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Marie Jaster  - Founder and Editor in Chief of Beige Feels the Online Magazine for opinion leading people and  Brands.

 

us advice on how to embrace the unpredictability of family life and finding the balance between being mum alongside running her successful businesses.

Q. We love BEIGE, can you tell us more about the inspiration behind it?

 

A. I founded BEIGE in 2018 with the aim of creating a digital home for our readers. It's an online magazine that aims to inspire, entertain and at the same time impart knowledge and values - but all as colourful and bold as possible. We write about topics like fashion, beauty, interior, but also our travel guides are very popular, as well as articles about art, culture and exciting people and brands. Since I'm pregnant, family will certainly get another thematic focus as well. 

Lauren Kennedy.png
Lauren Kennedy.png

Q. Becoming a Mum, alongside a successful Journalist career, how do you plan on managing the juggle of work and family life?

 

A. I am really very privileged because my boyfriend also works self-employed as an architect and my mum lives in the same city as we do. 

So we don't have an exact plan, but we can let family life come to us and hopefully focus a lot on our child's needs, but at the same time continue to work flexibly. 

 

Meetings and interviews are also doable with a baby, and my boyfriend (and my baby) will have to accompany me on press trips in the future, but so far I have only received support and understanding from my industry and my clients. And I know that this is not a matter of course. I am so thankful for it. 

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Q.  What do you think is the biggest challenge for Mothers in the work place? What more can be done to support them? 

 

A. For others, it is certainly the attitude of their bosses and colleagues that part-time workers are less valued and often underestimated as mothers. 

As a manager and self-employed person, it is certainly finding the balance between work and family, I already know that my own demands will challenge me the most - and the constant guilty conscience that I am not doing justice to either my child or my job. 

 

The biggest support for me at this point is certainly that clients continue to book me and want to continue working with BEIGE, because collaborations with the online magazine and on Instagram are my livelihood, which I also use to finance my employees and freelancers. So I hope that as a mother I don't slip off the radar ...

Q. How have you found your pregnancy?

 

A. I'm almost ashamed to say it sometimes, but my pregnancy was really so beautiful, I hardly had any complaints. 

At the beginning, of course, I was very tired, extremely hungry and my circulation was weak, but the more pregnant I get, the better I feel. 

Q. What do you think is the biggest challenge faced by mothers in the workplace?

A.  I have especially felt this recently in the recent relaunch of our clean care company Stranded. The biggest challenge seems to be the mix of feelings in finding the balance –– the real feeling of mom guilt when you ask for help in order to make working possible, the passion of work shifting when you become a mama, and also trying to give my whole heart to my sweet baby and my devotion to work simultaneously.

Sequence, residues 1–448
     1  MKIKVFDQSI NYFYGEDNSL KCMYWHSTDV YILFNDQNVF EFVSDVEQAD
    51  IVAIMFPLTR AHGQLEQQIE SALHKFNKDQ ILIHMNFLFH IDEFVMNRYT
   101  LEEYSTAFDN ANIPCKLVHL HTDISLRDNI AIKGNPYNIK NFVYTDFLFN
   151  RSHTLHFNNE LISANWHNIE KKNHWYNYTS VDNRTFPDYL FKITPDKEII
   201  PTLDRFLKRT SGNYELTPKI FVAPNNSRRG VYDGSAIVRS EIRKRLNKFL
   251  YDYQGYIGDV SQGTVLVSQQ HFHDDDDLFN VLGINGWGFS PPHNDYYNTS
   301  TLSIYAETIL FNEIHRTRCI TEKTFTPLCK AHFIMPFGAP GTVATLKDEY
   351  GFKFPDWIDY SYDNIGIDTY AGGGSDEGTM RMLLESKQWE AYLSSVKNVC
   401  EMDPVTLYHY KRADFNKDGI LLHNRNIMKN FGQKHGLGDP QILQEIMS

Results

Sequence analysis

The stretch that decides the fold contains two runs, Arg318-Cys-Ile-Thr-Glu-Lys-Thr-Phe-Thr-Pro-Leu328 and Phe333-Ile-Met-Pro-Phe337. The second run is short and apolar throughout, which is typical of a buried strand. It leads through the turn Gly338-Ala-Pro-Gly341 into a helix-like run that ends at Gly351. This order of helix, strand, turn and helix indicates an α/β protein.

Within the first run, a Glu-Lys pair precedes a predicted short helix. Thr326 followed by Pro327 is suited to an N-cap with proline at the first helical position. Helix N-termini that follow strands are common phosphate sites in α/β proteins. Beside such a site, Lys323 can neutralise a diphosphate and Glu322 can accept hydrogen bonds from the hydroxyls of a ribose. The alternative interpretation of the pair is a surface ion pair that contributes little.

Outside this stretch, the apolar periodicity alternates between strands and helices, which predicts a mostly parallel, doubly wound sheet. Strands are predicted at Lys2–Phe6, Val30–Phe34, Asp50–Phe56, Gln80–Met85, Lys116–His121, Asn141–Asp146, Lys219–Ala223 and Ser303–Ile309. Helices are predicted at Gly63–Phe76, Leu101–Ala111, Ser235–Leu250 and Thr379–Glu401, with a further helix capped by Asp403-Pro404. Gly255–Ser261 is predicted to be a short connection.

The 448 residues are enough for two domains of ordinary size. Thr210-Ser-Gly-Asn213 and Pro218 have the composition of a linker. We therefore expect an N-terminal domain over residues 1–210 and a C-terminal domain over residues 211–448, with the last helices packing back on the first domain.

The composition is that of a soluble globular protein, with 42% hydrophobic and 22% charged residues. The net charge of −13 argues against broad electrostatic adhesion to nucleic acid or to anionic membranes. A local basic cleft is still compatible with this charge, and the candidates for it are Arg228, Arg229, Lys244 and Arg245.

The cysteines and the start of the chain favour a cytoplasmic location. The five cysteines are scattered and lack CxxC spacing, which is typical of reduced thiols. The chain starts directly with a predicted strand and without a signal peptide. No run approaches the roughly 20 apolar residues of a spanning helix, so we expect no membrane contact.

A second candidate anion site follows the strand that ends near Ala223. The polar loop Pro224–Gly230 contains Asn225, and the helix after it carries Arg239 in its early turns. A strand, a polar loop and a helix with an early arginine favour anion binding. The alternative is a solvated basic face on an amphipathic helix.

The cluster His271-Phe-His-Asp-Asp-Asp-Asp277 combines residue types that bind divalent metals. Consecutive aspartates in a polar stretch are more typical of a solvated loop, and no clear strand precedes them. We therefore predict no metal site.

Q. How would you describe your style?

A. I would say it's a mix of vintage, French chic and Danish playfulness, with one or the other dominating depending on my mood. Without jeans, I unfortunately had to distance myself a little from French chic, but I still somehow have the feeling that I have found myself a lot more during my pregnancy. In any case, crises in front of the wardrobe are much rarer than when I'm not pregnant. 

Q. What challenges have you faced when dressing during your pregnancy and how have you overcome them?

A.  I wouldn't call it a challenge, but rather a whole new feeling: I like to show my belly and no longer hide it. Being tummy-free is finally my thing - even if I realise that it still challenges the viewing habits of many people on the street. But hey, I honestly don't care! 

 

7) What is your opinion on the current Maternity Wear Market?

 

It is a difficult market because it is a sensitive time for many women. Do you spend a lot of money for such a limited wearing time? Some like to wear more body-hugging things, others just the opposite. I would like to see more adaptive solutions, designs that can be worn for breastfeeding as well as during pregnancy - or end up changed again in your non-pregnant wardrobe.

 

I also think it would be great if big labels brought out their classics in maternity wear, after all, your tastes don't change immediately when you become a mother, you still want to feel like yourself and wear your favourite pieces. 


8) Do you have any family traditions that you intend on continuing with your little one?

 

I don't know if you call it tradition, but I want to sing, cuddle and do a lot of cultural things with my child. I never knew boredom as a child and I am happy when my child is as creative, independent and at the same time cuddly as I was. A tradition of my own that I want to create, because I don't know it from my childhood, is to travel a lot. I want my child to see the world, understand other cultures and know what is worth fighting for in terms of climate protection. 

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